• Surface Area: The space occupied by a 2D shape in a 2D cartesian plane is called the area. For example, the maximum surface area of a unit sphere is 4$\pi$.
  • Length: The measured distance between two extreme vertices of a geometric shape along the first dimension is called its length. Unit cube has a length of 1.
  • Width: The measured distance between two extreme vertices of a geometric shape along the second dimension is called its width. Unit cube has a width of 1.
  • Height: The measured distance between two extreme vertices of a geometric shape along the third dimension is called its height. Unit cube has a height of 1.
  • Faces: The flat surfaces (all points have the same surface normal) of a geometric shape are called their faces. Unit cube has 6 faces. The unit sphere has no faces.
  • Vertices: The points where edges meet are called vertices of a geometric shape. Unit cube has 8 vertices. Unit sphere has no vertices.
  • Edges: The lines along which the faces of a geometric shape meet are called its edges. Unit cube has 12 edges. The unit sphere has no edges.
  • Volume: The space occupied by a 3D shape in the 3D cartesian plane is called volume. For example, the maximum perimeter of the unit sphere is 4$\pi$/3.

Properties of Set Theory

Five properties are commonly used in set theory. These are:

  • Commutative property: If the order of inputs does not change the result of a mathematical operator, then it’s called a commutative property.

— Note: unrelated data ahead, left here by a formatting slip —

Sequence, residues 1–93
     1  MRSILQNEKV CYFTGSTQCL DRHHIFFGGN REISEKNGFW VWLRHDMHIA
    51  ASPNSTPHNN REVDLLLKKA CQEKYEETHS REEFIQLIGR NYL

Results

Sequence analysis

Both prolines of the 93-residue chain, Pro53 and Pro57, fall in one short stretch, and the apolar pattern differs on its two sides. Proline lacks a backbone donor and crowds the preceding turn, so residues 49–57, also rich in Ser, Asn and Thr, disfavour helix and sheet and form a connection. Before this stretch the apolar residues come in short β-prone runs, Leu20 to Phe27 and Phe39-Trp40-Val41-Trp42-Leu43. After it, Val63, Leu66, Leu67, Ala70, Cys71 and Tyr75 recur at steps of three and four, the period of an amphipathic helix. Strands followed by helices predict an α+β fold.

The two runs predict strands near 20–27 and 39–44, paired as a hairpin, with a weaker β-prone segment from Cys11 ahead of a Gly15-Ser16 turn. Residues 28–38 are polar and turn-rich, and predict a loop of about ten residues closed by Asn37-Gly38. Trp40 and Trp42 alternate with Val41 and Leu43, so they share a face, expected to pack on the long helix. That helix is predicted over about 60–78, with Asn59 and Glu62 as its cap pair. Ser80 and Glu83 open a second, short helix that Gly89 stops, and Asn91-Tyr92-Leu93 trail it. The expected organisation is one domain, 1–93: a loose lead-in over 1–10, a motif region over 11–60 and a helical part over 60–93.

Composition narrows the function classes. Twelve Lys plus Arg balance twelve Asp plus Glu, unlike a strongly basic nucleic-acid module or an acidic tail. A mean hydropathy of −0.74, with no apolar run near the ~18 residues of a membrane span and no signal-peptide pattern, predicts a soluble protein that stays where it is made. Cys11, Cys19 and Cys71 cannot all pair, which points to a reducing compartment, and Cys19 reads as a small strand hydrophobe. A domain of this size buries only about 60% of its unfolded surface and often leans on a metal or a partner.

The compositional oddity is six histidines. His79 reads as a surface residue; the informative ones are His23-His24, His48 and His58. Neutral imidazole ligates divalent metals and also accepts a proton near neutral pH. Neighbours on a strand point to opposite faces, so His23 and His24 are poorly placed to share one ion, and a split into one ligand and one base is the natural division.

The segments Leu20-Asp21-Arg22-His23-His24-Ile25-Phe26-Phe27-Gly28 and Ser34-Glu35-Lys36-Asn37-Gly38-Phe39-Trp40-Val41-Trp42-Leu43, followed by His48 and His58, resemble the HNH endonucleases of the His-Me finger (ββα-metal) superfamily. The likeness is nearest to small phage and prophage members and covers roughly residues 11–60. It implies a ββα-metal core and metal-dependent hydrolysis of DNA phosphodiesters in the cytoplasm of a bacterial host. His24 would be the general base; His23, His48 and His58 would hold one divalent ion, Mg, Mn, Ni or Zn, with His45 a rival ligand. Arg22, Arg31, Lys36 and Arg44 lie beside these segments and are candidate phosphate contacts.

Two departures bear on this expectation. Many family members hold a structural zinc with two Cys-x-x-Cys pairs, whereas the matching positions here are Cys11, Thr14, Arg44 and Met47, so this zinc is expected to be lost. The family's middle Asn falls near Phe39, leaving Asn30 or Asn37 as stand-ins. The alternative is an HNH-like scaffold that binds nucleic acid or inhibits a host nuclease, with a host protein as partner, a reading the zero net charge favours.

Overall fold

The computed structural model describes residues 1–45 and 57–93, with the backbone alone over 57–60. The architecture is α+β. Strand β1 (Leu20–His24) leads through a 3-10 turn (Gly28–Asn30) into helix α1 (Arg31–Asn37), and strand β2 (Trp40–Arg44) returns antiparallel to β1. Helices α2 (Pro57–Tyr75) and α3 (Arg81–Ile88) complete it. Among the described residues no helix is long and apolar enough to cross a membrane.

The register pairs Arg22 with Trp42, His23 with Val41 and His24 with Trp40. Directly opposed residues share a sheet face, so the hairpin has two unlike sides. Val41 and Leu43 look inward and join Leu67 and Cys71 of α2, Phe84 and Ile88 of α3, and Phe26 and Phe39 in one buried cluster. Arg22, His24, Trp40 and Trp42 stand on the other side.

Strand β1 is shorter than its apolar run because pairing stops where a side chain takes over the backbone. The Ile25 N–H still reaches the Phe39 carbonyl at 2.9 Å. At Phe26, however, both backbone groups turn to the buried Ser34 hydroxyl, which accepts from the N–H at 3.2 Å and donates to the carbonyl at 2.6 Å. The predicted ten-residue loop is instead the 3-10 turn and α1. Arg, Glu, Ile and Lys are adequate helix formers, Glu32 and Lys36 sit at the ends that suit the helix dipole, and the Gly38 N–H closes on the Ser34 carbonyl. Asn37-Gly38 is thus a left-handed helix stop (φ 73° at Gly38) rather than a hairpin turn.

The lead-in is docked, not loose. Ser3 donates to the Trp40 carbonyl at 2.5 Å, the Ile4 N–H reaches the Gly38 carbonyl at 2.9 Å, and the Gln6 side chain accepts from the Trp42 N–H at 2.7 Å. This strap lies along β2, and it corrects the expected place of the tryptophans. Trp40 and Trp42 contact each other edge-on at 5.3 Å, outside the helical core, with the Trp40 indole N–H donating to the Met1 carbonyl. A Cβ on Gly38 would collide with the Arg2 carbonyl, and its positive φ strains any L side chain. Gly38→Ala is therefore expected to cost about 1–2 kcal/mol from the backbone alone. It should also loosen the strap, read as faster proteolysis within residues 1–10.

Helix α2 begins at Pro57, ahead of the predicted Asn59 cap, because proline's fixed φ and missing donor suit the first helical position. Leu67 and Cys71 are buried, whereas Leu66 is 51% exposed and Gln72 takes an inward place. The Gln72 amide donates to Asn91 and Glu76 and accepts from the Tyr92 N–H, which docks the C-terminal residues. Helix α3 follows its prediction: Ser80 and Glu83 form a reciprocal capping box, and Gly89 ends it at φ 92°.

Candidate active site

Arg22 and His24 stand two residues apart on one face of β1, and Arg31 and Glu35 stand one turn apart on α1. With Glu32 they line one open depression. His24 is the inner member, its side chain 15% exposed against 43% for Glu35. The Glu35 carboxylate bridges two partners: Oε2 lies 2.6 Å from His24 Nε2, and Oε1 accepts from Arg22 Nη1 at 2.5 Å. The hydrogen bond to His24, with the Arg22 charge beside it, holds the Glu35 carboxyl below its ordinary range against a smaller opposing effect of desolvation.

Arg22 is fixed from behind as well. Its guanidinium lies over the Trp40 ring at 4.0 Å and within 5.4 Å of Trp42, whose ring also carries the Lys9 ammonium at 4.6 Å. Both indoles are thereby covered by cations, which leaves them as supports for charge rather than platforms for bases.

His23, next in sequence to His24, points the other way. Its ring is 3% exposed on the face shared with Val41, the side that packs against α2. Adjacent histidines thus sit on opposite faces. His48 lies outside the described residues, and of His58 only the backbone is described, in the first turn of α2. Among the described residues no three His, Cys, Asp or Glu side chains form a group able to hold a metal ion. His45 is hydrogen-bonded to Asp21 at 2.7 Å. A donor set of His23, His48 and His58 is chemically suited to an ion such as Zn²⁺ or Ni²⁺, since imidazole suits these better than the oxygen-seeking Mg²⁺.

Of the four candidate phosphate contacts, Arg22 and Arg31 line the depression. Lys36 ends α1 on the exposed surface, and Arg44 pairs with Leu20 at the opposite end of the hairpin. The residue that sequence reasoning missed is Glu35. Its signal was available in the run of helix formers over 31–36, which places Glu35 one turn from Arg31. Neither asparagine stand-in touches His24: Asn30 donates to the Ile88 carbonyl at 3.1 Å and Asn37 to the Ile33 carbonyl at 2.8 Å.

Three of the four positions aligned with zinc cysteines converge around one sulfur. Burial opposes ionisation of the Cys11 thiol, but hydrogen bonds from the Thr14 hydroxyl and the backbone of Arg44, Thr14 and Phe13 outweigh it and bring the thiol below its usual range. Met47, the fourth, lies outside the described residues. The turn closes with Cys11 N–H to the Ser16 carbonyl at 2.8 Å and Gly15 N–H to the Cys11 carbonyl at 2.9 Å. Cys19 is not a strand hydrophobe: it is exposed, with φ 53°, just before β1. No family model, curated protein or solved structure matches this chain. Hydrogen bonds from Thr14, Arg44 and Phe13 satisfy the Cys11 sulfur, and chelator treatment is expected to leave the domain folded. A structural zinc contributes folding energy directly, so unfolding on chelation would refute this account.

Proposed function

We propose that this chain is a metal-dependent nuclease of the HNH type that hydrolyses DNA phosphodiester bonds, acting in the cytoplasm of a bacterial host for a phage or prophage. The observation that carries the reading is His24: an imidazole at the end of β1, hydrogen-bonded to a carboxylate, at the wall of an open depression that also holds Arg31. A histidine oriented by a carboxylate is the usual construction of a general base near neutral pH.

• Associative property: If the grouping of inputs does not change the final results of a mathematical operator, then it’s called an associative property.
  • Distributive property: If the result of an operator is invariant to the fact that this operator is applied to a group or an individual input, then it’s called distributive property.
  • Identity property: The existence of a number that is unaffected by a mathematical operator is called identity property.
  • Inverse property: The existence of a pair of numbers such that when a mathematical operator is applied to the pair, results in the identity is called inverse property.

Set Properties

Figure 4: Set Properties

Properties in Trigonometry

There are three most fundamental trigonometric properties known to us, which are often called trigonometric identities. These include:

\[ \sin^2\theta + \cos^2\theta = 1 \]

\[ 1 + \tan^2\theta = \sec^2\theta \]

\[ 1 + \cot^2\theta = \csc^2\theta \]

Where sin, cos, tan, csc, sec, and cot are the sine, cosine, tangent, cosecant, secant, and cotangent functions, respectively.

Numerical Examples of Property

Now that we have good background knowledge of what the property is, we can solve some numerical problems.

Example 1

List some mathematical properties of a cube with a side length of 2 meters.


Using the geometrical properties discussed earlier, we can find that:

  • Perimeter = 12 x 2 = 24 meters
  • Surface Area = 6 x 2 x 2 = 24 square meters
  • Length = 2 meters
  • Width = 2 meters
  • Height = 2 meters
  • Faces = 6
  • Vertices = 8
  • Edges = 12
  • Volume = 2 x 2 x 2 = 8 cubic meters

Example 2

Prove that $ \sec^2\theta + \csc^2\theta = \sec^2\theta \ \csc^2\theta $ using mathematical properties.


Consider the following trigonometric identity:

\[ \sin^2\theta + \cos^2\theta = 1 \]

Substituting $ \sin^2\theta = \dfrac{ 1 }{ \csc^2\theta } $ and $ \cos^2\theta = \dfrac{ 1 }{ \sec^2\theta } $ in above equation:

\[ \dfrac{ 1 }{ \csc^2\theta } + \dfrac{ 1 }{ \sec^2\theta } = 1 \]

\[ \dfrac{ \sec^2\theta + \csc^2\theta }{ \csc^2\theta \ \sec^2\theta} = 1 \]

\[ \sec^2\theta + \csc^2\theta = \csc^2\theta \ \sec^2\theta \]

Hence proved.